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Turning 30 South American Style With the dreaded 30th birthday looming, I ran away to South America to celebrate the landmark birthday in style.

Death Road mountain bike trip to Coroica

BOLIVIA | Saturday, 7 June 2008 | Views [5845]

As the ultimate mountain bike widow there was no chance of sneaking out of La Paz without at least some experience of the death road, one of the most famous downhill mountain bike rides in the world.
My options were to catch a bus down and wait for Steve at the bottom with a cold lager or hop on a bike and do the 3,000 meter descent from the Southern Altiplano to tropical valley myself.
For reasons that are still unclear to me, I opted for the latter and joined a tour group with Bside adventures to tackle the mythical singe track mountain pass.
I was a little nervous as we set off at 8am on a freezing cold La Paz morning, and our guide did not really help maters when he called us all to stop at the side of the road.
Five minutes into the ride we were staring down a 500 meter cliff face to the charred remains of a coach which had plunged off the road several years before killing all on board.
Cheerily, he urged us on. I grabbed hold of my breaks and started pumping them for dear life.
After an hour on tarmac choking on toxic diesel fumes we turned off onto the death road proper, a single track mountain pass with sheer drops of up to 400 meters at right angles to the road.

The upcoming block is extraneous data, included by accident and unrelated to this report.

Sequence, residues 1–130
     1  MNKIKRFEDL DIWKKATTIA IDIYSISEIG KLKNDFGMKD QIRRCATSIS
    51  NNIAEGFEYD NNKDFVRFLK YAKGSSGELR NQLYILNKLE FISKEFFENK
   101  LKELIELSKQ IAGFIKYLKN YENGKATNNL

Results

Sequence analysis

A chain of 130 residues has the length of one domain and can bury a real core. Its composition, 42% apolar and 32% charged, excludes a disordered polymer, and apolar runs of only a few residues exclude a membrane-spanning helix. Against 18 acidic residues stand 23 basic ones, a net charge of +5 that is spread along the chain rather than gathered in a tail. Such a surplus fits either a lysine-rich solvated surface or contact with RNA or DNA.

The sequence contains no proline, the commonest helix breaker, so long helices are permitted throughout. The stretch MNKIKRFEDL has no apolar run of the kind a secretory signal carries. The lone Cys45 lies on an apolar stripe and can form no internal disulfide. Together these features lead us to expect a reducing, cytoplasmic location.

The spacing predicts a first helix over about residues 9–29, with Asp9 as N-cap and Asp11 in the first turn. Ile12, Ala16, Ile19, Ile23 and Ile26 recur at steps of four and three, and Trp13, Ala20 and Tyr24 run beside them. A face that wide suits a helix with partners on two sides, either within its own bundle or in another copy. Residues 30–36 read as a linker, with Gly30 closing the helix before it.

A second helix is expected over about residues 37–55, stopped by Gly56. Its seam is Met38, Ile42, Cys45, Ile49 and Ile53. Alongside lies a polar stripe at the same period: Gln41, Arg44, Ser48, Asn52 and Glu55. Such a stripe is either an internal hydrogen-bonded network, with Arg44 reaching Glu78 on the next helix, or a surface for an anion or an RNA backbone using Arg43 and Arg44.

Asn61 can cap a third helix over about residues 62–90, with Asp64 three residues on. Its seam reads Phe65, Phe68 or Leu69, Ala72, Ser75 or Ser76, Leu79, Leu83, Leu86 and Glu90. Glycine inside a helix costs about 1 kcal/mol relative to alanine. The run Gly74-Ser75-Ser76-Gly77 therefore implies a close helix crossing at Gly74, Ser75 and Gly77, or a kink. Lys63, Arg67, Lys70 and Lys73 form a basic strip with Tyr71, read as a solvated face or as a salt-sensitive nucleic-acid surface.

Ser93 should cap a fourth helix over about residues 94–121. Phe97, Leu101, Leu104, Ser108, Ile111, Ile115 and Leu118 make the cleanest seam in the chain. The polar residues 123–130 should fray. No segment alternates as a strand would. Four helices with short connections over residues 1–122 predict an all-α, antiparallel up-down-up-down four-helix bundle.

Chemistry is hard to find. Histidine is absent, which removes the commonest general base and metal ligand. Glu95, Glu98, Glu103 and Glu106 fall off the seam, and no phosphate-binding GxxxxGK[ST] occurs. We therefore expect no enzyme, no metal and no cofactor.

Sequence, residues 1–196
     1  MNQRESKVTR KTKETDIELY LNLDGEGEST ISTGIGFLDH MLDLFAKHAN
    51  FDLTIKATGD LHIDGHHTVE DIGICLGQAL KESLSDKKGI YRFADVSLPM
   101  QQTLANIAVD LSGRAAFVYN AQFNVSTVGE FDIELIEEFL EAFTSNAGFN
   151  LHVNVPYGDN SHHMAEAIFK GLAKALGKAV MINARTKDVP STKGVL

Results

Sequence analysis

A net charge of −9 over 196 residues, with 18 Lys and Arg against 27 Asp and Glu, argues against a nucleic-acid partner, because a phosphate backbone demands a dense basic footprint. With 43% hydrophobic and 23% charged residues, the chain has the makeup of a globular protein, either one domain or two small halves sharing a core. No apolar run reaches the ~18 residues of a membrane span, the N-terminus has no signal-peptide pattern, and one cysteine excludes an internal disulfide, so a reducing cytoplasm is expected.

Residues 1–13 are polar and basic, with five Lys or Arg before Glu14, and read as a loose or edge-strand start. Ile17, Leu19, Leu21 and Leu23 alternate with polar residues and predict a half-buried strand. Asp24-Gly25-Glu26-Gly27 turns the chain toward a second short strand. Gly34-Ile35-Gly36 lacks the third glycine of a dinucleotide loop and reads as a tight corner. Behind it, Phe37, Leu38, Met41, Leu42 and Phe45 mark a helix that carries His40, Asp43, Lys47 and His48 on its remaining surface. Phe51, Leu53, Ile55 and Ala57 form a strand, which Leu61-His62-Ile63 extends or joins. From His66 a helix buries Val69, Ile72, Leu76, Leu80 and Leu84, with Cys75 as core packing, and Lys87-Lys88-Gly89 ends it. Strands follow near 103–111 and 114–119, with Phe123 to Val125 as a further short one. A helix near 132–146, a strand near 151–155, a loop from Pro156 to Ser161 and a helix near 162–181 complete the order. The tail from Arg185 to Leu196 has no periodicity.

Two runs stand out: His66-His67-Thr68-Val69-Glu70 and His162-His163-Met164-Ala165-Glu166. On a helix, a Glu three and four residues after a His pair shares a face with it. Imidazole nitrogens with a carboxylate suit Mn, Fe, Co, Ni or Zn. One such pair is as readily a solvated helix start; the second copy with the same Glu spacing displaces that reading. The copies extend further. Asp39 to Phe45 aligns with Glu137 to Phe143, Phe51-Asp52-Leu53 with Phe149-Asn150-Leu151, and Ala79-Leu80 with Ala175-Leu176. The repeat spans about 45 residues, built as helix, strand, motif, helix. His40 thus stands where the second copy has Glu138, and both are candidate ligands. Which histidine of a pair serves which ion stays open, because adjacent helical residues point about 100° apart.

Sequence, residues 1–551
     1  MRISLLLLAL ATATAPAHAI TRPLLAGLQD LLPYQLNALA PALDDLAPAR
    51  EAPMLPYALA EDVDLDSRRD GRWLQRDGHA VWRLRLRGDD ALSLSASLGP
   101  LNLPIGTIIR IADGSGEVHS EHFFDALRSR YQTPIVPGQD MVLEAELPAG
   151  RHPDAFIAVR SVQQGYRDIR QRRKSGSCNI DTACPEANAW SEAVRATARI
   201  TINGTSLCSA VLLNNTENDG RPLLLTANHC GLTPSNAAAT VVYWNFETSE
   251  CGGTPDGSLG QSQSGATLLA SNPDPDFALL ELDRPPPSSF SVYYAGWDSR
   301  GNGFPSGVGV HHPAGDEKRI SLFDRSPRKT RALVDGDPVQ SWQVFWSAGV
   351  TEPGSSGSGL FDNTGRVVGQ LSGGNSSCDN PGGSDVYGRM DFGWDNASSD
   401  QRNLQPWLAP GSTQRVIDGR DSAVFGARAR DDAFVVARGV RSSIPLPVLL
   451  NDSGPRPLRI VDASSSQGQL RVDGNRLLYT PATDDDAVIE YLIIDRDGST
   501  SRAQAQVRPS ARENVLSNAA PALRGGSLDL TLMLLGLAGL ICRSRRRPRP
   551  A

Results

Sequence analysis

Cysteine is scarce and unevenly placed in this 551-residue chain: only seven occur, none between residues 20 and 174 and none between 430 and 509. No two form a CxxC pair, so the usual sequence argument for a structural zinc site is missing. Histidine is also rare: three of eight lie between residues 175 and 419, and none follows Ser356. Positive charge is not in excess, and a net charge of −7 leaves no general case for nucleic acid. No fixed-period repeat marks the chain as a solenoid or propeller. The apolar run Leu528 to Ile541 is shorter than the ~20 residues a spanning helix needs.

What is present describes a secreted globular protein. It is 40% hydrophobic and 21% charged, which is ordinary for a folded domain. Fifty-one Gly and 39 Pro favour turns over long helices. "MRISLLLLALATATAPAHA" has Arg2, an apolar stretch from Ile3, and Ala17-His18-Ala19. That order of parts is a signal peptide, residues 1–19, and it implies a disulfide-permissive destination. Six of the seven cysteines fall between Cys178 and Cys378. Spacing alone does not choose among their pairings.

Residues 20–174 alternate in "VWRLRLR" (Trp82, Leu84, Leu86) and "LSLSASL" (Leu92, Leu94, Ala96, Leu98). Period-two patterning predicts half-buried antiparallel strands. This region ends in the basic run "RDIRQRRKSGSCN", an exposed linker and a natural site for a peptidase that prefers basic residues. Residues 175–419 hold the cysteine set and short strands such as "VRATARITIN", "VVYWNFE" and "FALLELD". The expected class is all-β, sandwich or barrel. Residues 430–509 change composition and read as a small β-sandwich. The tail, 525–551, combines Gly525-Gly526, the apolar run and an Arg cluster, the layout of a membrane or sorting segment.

From the top you can see the sheer folly of driving a car along this thing as the road is barely wide enough for one car with passing points dreadfully few.
In the good old days, drivers would reverse in dense fog along the tiny road and slide off into the abyss, or crazy drunks and tired drivers would fall asleep at the wheel and plummet down to the valley.
Fortunately now it is pretty much closed to traffic so the fatalities have all but ceased and mountain bikers, I was assured, are safe.
And it is a beautiful route, with a birds eye view of the valley below and waterfalls and rivers spilling over onto the road. If you dare lift your eyes you can see condor like birds circling over head, close enough to count their feathers.
Helmet on and $2,000 bike between me and the road I let rip and started flying down hill singing Indian Jones theme tune out loud and shouting wee heeeyyyy every time I hit a corner at speed.
I did get the colly wobbles a few times, especially when I hit rocks with my back wheel sending the bike sliding towards the edge but all in all it was great fun, especially riding through the river at the bottom of the road.
At the end of the route we loaded the bikes into a mini van and headed up to Coroica which is a little village perched at 1000 meters above the valley with the most beautiful views of lush hillsides smothered in tropical forests.
I splashed out and checked me and Steve into the five star hotel for the night with views across the valley.
Poor Steve though, he opted to do the ride solo, climbing up to the start of the death road and tackling the 7km climb up cobble stones at the end too.
By the time he arrived, darkness had fallen so he never did get to appreciate the sunset views he paid for.

Tags: bolivia, cliff, coroica, cycle, death road, la paz, latin america., mountain, mountain bike, south america

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